Anthropocene: victims, narrators, and revolutionaries

Article


Armiero, Marco and De Angelis, M. 2017. Anthropocene: victims, narrators, and revolutionaries. South Atlantic Quarterly. 116 (2), pp. 345-362.
AuthorsArmiero, Marco and De Angelis, M.
Abstract

The absence of a reflection on revolutionary practices and subjects is the main weakness of the radical critique of the Anthropocene. The risk is to envision the Anthropocene as a space for villains and victims but not for revolutionaries. In this respect we believe that it is crucial to challenge the (in)visibility and (un)knowability of the Anthropocene beyond geological strata and planetary boundaries. We argue that as the Capitalocene, the Anthropocene has left its traces in the bodies of people upon which the new epoch has been created. The traces of the Capitalocene are not only in geological strata but also in the biological and genetic strata of human bodies; exploitation, subordination, and inequalities are inscribed into the human body and experienced, visible and knowable by subalterns without the mediation of – many times actually in opposition to – mainstream scientific knowledge. We inflect the concept of Capitalocene with our own Wasteocene, which serves to stress the contaminating nature of capitalism and its perdurance within the socio-biological fabric, its accumulation of externali-ties inside both the human and the Earth's body. We envision the Wasteocene as one of the features of the Capitalocene, especially adapted to demystify the mainstream narratives of the Anthropocene. In order to enhance our arguments we build upon the findings of the global Environmental Justice atlas (hereafter EJOLT atlas) of environmental conflicts and on our own in-depth research on the struggles against toxic contamination in Campania, Italy.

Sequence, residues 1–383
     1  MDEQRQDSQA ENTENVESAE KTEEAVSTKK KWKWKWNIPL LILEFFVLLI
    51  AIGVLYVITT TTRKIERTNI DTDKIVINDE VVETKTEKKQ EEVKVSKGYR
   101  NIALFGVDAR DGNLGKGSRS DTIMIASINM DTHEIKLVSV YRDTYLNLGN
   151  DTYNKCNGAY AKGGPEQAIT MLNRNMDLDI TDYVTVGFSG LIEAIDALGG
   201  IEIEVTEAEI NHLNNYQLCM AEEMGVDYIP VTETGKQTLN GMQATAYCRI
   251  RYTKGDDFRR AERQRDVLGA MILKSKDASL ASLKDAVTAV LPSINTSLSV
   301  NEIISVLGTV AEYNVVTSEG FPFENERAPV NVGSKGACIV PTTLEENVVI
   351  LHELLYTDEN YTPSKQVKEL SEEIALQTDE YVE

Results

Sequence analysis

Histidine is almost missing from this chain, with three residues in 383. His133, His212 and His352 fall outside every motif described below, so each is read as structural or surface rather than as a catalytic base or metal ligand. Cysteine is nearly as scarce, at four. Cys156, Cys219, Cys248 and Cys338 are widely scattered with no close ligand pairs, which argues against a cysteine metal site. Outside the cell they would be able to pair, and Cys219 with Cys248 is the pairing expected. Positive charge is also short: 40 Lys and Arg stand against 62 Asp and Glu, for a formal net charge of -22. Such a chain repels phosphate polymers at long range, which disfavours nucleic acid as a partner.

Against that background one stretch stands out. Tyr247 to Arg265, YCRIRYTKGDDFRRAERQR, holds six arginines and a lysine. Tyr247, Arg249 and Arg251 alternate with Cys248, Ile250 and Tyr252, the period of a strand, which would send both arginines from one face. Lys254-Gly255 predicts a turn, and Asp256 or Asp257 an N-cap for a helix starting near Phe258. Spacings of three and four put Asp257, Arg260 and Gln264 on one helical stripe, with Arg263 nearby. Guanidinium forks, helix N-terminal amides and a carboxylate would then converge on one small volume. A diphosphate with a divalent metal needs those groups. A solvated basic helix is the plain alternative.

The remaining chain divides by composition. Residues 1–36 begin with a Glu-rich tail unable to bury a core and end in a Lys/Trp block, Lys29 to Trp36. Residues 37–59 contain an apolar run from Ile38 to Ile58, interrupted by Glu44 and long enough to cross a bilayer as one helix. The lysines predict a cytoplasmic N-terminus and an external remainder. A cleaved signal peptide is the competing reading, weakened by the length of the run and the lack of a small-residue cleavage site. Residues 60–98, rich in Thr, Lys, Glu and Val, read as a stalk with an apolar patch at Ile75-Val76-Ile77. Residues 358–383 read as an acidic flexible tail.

JournalSouth Atlantic Quarterly
Journal citation116 (2), pp. 345-362
ISSN0038-2876
Year2017
PublisherDuke University Press
Accepted author manuscript
Digital Object Identifier (DOI)doi:10.1215/00382876-3829445
Web address (URL)https://doi.org/10.1215/00382876-3829445
Publication dates
Print01 Apr 2017
Publication process dates
Deposited09 Nov 2016
Accepted2016
Copyright information© 2016 Duke University Press
LicenseAll rights reserved
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